New Oregon Data: Expanding Medicaid Increases Usage Of Emergency Rooms, Undermining Central Rationale For Obamacare


#1

forbes.com/sites/theapothecary/2014/01/02/new-oregon-data-expanding-medicaid-increases-usage-of-emergency-rooms-undermining-central-rationale-for-obamacare/

Another of the “facts” used to argue for Obamacare turns out to be wrong. Who would have guessed that? People who do not pay for services have no incentive to use those services wisely. DUH!

Quote from the article:

"Only in Washington is spending $250 billion to address a $50 billion problem considered “savings.”


#2

Not that I need to point out how biased this article is, as it is readily apparent, but that $50 billion figure only includes inpatient procedures and services. It does not include outpatient procedures and services which are used far more frequently. Additionally, this isn’t just about immediate savings; its about long term savings. The cost of both inpatient and outpatient procedures and services in addition to insurance premiums will gradually decline for everyone as more people become insured.


#3

Actually you misread the article. It studied inpatient hospitals (not inpatient services). Outpatient hospitals and surgery centers do not have ERs, and a patient on medicaid can’t just walk in and be seen.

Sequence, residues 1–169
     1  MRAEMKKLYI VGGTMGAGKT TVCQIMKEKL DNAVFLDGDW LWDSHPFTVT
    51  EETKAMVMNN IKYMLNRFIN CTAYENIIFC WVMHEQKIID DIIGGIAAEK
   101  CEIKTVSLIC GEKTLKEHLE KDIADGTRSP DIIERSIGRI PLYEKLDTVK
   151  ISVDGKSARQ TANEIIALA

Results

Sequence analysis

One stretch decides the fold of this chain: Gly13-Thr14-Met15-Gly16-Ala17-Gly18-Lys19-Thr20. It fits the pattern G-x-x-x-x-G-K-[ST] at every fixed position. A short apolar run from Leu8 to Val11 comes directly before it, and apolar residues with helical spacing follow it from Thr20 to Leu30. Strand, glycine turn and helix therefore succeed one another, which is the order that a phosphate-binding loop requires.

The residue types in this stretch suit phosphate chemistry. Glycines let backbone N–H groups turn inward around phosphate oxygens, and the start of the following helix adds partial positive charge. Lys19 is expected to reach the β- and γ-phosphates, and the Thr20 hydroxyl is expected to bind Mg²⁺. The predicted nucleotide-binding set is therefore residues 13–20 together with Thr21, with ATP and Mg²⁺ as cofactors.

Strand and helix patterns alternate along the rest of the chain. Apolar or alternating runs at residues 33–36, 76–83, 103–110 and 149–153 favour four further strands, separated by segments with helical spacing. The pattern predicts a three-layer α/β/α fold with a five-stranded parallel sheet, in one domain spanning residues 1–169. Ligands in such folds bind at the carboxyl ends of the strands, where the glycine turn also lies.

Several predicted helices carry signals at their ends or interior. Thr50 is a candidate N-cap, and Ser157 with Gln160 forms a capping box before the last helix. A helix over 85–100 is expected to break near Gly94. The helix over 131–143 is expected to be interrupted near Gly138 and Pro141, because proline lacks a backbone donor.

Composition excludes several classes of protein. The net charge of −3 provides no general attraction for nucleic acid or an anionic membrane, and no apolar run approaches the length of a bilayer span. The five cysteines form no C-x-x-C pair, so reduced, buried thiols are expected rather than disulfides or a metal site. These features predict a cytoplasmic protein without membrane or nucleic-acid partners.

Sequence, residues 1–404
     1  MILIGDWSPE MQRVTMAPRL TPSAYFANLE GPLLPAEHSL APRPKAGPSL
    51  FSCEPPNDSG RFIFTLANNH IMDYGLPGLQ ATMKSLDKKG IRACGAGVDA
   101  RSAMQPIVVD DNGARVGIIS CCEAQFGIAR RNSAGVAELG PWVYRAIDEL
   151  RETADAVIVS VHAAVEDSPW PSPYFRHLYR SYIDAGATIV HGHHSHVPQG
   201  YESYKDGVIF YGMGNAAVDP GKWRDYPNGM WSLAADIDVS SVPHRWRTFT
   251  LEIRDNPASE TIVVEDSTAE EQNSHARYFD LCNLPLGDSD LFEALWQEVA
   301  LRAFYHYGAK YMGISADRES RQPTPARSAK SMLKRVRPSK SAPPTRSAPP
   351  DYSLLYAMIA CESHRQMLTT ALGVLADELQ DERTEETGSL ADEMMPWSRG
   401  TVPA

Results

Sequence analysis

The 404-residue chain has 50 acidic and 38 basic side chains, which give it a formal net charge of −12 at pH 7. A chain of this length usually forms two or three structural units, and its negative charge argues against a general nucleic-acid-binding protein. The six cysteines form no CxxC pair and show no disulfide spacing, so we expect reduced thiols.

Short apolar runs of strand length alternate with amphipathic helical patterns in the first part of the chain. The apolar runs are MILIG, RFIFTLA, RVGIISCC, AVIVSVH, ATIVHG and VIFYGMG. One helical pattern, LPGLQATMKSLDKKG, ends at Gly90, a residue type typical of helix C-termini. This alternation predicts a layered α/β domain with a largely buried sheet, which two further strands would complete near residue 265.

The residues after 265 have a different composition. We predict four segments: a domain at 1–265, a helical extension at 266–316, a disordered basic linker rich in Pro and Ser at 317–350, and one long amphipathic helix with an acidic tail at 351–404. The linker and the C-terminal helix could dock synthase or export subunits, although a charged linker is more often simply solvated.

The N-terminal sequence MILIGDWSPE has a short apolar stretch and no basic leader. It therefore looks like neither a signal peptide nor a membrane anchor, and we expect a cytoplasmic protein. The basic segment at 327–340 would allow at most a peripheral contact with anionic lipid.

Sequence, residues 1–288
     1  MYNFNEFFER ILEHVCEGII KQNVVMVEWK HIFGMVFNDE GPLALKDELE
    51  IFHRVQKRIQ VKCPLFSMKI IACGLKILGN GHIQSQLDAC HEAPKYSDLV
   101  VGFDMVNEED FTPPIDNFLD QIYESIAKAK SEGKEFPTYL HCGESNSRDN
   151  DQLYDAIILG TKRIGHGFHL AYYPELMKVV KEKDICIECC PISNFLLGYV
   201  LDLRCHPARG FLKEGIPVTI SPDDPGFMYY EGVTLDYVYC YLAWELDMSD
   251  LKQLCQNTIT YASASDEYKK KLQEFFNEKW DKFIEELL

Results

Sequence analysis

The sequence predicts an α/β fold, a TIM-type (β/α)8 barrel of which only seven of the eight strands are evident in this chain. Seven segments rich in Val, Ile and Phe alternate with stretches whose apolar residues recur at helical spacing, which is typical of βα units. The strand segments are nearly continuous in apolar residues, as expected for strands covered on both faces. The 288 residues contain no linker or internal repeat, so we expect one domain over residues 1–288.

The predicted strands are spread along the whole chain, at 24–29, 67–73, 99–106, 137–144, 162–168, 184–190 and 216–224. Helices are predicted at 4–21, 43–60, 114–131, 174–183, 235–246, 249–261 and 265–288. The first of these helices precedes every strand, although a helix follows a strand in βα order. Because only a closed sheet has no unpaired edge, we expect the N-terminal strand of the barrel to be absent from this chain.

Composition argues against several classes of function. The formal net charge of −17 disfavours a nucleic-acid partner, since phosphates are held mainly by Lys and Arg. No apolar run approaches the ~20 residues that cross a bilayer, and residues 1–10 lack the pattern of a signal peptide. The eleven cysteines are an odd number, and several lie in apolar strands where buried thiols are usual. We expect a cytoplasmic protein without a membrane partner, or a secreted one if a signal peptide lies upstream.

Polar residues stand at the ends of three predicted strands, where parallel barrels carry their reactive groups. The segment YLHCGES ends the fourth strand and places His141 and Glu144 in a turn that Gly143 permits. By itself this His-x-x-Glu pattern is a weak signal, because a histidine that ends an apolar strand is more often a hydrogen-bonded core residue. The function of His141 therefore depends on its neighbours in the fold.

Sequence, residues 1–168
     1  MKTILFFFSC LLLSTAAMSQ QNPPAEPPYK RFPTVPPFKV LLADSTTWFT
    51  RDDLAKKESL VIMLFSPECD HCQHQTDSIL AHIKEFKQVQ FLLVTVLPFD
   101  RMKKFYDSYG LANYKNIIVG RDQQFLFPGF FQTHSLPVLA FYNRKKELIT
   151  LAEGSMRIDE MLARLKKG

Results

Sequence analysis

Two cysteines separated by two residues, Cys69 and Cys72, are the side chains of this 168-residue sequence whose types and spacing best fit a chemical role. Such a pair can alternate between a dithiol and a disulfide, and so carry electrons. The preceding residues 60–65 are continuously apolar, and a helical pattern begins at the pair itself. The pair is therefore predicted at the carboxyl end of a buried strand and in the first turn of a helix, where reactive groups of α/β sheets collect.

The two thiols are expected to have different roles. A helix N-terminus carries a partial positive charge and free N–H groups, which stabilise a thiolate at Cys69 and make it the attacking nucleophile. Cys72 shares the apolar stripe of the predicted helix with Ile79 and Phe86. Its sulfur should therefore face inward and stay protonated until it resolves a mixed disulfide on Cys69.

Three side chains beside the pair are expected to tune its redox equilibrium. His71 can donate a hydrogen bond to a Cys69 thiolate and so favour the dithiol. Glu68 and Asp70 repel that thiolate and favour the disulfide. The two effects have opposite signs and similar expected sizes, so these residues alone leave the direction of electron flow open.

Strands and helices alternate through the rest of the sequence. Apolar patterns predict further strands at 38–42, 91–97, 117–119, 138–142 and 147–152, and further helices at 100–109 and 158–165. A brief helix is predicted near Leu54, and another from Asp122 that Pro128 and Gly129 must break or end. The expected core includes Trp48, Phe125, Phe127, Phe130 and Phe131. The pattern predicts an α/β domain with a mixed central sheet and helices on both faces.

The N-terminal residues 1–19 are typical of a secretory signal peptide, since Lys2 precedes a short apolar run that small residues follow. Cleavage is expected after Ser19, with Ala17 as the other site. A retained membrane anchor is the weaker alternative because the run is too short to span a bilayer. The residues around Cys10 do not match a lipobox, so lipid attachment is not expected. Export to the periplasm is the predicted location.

Also Forbes is not a very biased news source. They publish articles that cover the spectrum and try to cover the news. Here they are covering a study (co-authored by people in economics and social work among others).

From the article:

UPDATE: Some more details on the study, for those who are interested. The twelve hospitals in the study encompassed “nearly half of all inpatient hospital admissions in Oregon.” The period observed was approximately 18 months—from March 10, 2008 to September 30, 2009. There were “no statistically significant differences between the groups in demographic characteristics measured at the time of lottery sign-up.” As noted above, the increase in ER usage “from Medicaid is solely in outpatient visits…Medicaid statistically significantly increases visits in all classifications except for the ‘emergent, non-preventable’ category. The increases are most pronounced in those classified as ‘primary care treatable.’”


#4

What are you talking about? You can walk into ANY hospital ER with a sniffle and leave in a few hours with a $21 Advil tablet. That constitutes outpatient services and it happens all the time; especially among the uninsured. Costs associated with that are not included in the $50 billion figure. That figure only includes inpatient procedures and services (i.e. those which require short term to extended hospital stays) which are used far less frequently by the uninsured than using an ER for preventative and primary care. So to say that this is merely a $50 billion problem is a gross and deliberate misrepresentation of the issue.


#5